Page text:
Singapore startup SensorFlow secures US$571k in seed funding to make hotels go green

  • Automates building and hotel energy management; up to 30% annual savings
  • Seed funding round led by Cocoon Capital an early-stage venture capital firm


Singapore startup SensorFlow secures US$571k in seed funding to make hotels go green


SENSORFLOW — a Singapore-based startup – on April 4 announced the launch of its full-stack energy management solution to address energy efficiency and sustainability in the hotel industry.

The company also announced a S$750k (US$571,378) seed funding round led by Cocoon Capital – Singapore’s leading early-stage venture capital firm.

As part of the first Singapore cohort of the Entrepreneur First accelerator, SensorFlow has also received investments from SG Innovate and SparkLabs alongside two business angels.

Having completed trials with 5footway.inn by The Uncharted Co in Singapore and three of ALILA Hotels & Resorts properties in Bali earlier this year, SensorFlow’s customers can save up to 30% in energy costs.

Both trial customers will soon deploy SensorFlow’s solution property-wide. With no upfront cost, trial customers only pay a fixed monthly maintenance fee that is lower than the savings.

Co-founder and CEO of SensorFlow, Saikrishnan Ranganathan, said, “Whether you’re a major hotel with over 2,000 rooms or a small service apartment with 20 rooms, energy consumption is a major concern. With hotels and commercial buildings spending US$160 billion a year on energy bills, we are re-inventing energy management from end to end to help businesses of all sizes implement smart technology, automate energy savings, and reach their sustainability goals.”

SensorFlow’s full stack IoT system can be installed within fifteen minutes per room using existing wiring without downtime or operational disruptions. SensorFlow’s engineers accompany housekeeping on their rounds and complete setup within the time it takes to clean a room. Installation can also be done by hotel staff.

SensorFlow’s proprietary smart automation technology includes energy meters to measure energy consumption and track data in real time. The system also includes an operational dashboard for real-time insights into energy management, and preventative maintenance; and occupancy and door sensors that adjust the thermostat fan and air conditioning.

Hotel management can access regular energy savings reports, which translates into insights at a room, property and portfolio level.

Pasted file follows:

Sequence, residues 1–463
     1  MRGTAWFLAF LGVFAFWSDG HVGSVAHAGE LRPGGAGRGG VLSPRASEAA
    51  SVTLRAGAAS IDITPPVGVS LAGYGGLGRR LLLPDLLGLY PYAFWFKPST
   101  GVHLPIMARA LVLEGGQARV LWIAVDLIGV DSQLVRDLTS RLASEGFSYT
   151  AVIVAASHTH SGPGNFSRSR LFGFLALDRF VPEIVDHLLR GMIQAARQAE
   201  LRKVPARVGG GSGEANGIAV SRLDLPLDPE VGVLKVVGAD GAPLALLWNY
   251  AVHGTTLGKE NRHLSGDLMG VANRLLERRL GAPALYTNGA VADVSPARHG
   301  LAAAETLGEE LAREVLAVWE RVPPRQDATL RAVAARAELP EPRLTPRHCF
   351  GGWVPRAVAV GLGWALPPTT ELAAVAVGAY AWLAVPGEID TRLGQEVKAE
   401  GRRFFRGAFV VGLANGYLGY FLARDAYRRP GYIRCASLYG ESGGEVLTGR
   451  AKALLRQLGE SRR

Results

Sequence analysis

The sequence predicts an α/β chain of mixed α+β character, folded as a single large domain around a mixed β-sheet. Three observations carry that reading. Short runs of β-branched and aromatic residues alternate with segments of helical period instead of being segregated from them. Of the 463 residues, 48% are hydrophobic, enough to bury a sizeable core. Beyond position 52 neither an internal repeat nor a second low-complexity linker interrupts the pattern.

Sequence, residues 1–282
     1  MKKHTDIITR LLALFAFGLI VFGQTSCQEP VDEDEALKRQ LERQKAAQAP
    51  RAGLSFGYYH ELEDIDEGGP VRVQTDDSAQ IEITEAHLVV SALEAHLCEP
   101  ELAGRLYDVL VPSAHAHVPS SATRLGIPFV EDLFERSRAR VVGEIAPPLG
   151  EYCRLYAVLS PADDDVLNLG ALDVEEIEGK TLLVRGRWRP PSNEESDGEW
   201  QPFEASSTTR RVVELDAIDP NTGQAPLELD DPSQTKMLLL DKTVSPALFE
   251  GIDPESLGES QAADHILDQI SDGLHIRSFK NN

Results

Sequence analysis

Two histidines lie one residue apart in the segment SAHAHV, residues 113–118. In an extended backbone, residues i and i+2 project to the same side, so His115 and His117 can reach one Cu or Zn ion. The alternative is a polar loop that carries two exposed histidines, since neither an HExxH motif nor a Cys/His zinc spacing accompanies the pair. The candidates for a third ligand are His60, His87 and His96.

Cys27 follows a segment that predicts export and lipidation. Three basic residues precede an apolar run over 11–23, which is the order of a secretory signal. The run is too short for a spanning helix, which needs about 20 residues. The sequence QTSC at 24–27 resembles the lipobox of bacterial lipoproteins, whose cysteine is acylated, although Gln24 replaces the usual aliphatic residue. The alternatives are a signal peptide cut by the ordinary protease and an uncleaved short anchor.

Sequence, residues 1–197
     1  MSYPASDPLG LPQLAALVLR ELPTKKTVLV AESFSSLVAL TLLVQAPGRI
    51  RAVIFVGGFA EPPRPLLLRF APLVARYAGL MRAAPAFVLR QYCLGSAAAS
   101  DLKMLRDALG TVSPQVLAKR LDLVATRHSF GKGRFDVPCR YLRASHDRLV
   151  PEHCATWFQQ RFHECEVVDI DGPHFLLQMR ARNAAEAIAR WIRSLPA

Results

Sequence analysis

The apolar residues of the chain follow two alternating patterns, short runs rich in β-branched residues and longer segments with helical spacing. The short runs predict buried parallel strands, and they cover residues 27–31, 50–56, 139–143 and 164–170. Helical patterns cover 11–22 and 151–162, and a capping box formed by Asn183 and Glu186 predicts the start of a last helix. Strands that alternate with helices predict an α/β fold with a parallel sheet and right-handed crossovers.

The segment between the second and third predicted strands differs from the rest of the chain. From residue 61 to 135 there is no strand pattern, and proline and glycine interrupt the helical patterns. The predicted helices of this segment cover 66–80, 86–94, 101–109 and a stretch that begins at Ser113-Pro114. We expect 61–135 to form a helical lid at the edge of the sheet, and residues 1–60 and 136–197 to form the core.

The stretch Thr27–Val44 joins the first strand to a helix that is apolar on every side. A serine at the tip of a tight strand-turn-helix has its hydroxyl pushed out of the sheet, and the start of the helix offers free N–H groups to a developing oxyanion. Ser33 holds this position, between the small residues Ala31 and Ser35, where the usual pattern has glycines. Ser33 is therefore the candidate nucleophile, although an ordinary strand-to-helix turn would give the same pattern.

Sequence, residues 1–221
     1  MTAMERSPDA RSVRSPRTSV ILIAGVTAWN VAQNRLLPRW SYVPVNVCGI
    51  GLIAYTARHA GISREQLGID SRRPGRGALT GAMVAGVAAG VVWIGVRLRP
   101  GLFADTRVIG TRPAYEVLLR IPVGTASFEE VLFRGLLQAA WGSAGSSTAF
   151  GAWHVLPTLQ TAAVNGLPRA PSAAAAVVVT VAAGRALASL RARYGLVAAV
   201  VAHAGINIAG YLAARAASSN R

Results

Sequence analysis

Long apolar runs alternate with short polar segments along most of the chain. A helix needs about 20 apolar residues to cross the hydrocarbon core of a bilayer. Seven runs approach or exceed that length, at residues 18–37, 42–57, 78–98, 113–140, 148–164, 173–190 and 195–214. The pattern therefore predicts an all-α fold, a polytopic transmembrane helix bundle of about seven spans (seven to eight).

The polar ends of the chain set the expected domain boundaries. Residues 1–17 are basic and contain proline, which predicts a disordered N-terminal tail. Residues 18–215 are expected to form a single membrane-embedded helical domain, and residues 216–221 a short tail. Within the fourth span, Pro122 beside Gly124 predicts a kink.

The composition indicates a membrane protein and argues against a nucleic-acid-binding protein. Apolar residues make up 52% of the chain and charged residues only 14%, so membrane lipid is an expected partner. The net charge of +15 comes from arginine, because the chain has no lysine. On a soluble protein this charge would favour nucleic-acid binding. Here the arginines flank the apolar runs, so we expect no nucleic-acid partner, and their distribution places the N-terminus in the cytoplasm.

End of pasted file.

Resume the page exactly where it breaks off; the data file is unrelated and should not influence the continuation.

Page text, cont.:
By building everything from the hardware to the wireless network and the web dashboard, SensorFlow’s IoT solution improves costs by ten times over other wired and wireless solutions, offering a unique financial benefit to hotels without the need for any costly upfront investments.

“We make it easy to adopt smart technology at any stage of the business. For hotels under construction, our technology is easier and faster to integrate than incumbent solutions which require extensive wiring and escalating management costs. For hotels already in operation, our plug-and-play wireless system is offered at no upfront cost. Legacy technologies require major upfront investment, high integration and maintenance fees,” Saikrishnan added.

The smart sensors actively regulate the air-conditioning in response to occupancy and guest behaviour. This enables hotels to adjust temperatures upon check-in to provide a better guest experience, while resetting temperatures upon check-out to save on energy costs of unoccupied rooms. When a guest leaves doors or windows open, the active regulation helps to prevent condensation and mold formation in rooms— a common and costly maintenance problem.

“Our network stack is built on a long-range radio, which allows us to use a single gateway for an entire building. This is a big improvement over wired systems, which require opening up walls and traditional wireless systems using multiple gateways every ten meters. Our end-to-end IoT system cuts installation time from months to days and delivers ROI within half the time of legacy systems,” Saikrishnan concluded.

According to the United Nations, buildings consume 40% of global energy resources and account for a third of emissions. In Singapore, buildings are the second largest energy consumer, with commercial buildings accounting for 65% of total building energy consumption. Since 2013, The Building and Construction Authority of Singapore (BCA) has progressively required commercial buildings, healthcare facilities and educational institutions to submit energy consumption data annually.


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